Apologies for the late response.
So I am a little bit torn in exactly what to respond to. My inclination though, is to lean towards the more musical aspect of Wagner's piece, and express my views on the piece in light of some of the other comments. I guess to start, I agree that there certainly is a lot of tension that builds in the Wagner piece through the use of dissonances like suspensions, and including tonally ambiguous areas and trajectories. However, I am not sure if I yearn for an ending and a resolution as much as it seems some others have while listening to it.
As Hillary writes, the music continually pauses on the dominant in the beginning, and although, perhaps, not as satisfying as resting on the tonic, or completing a cadence, I think it does give the piece a bit of room to breathe and feel a sense of relief, even if it is not entirely there. And on a small sidenote, I would disagree that a piece has to move from dominant to tonic to feel resolved. Although the system of Western tonality that we see here which enables tension and resolution is based on the leading tone of the dominant leading to the tonic, I think there are some jazzier, funkier options of cadencing that don't end dominant-tonic. Moving from the dominant 5 chord to a 4^7 chord, for example, although perhaps a bit unsettling and seemingly incomplete at first, resonates for me as a beautiful, complete, and satisfying cadence. But sidenotes aside, I think there is a certain beauty in the way Wagner delays and puts off cadences, and how he plays with dissonances and resolutions. In one class earlier in the semester, someone mentioned that sometimes- almost paradoxically- you do actually listen to "sad" music because it makes you sadder, and you want to almost wallow in that emotion even though it's not necessarily a "positive" emotion. I think from this piece, I was sort of enveloped in the emotion of it all, and the sort of longing and yearning, which is perhaps why I did not seek the resolution as strongly.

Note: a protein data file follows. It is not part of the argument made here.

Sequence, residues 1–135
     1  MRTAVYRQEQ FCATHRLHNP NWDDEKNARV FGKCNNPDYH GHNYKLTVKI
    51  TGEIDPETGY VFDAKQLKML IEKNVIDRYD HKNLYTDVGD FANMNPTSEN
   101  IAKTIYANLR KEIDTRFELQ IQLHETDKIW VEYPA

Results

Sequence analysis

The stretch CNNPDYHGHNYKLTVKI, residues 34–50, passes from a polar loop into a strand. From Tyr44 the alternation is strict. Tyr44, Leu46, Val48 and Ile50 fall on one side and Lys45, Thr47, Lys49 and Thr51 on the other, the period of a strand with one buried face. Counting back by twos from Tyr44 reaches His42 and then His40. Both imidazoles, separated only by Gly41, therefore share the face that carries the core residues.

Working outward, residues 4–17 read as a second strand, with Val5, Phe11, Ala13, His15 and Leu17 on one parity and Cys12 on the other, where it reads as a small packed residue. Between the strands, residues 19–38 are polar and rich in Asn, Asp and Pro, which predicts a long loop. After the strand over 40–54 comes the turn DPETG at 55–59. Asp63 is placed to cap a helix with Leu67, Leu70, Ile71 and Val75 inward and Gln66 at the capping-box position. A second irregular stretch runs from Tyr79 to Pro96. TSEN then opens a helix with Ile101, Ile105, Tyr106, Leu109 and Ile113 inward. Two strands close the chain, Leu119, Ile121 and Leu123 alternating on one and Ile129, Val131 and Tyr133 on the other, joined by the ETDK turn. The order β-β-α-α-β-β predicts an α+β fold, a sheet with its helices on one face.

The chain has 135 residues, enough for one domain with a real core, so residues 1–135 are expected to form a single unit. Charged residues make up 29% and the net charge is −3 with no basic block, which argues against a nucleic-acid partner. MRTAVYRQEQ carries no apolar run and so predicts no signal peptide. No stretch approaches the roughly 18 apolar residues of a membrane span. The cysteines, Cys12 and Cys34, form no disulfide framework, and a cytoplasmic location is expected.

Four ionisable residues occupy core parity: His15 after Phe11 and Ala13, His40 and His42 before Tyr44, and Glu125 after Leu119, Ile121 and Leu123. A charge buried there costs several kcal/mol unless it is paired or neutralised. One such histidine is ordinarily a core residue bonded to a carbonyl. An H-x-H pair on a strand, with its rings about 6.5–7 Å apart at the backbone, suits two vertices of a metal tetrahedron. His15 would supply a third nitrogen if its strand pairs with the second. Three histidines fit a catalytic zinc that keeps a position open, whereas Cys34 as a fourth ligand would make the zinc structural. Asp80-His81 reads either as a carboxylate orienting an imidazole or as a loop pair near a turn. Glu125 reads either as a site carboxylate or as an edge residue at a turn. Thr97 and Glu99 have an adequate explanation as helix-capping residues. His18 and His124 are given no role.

Finally, on the matter of whether or not the piece can embody Schopenhauer's philosophy, or merely embody the emotions behind his philosophy is difficult, and I'm not sure exactly where my opinion falls. However, I think either way, in listening to the tension and resolution (and lackthereof), there is a clear and an intimate relationship between the two.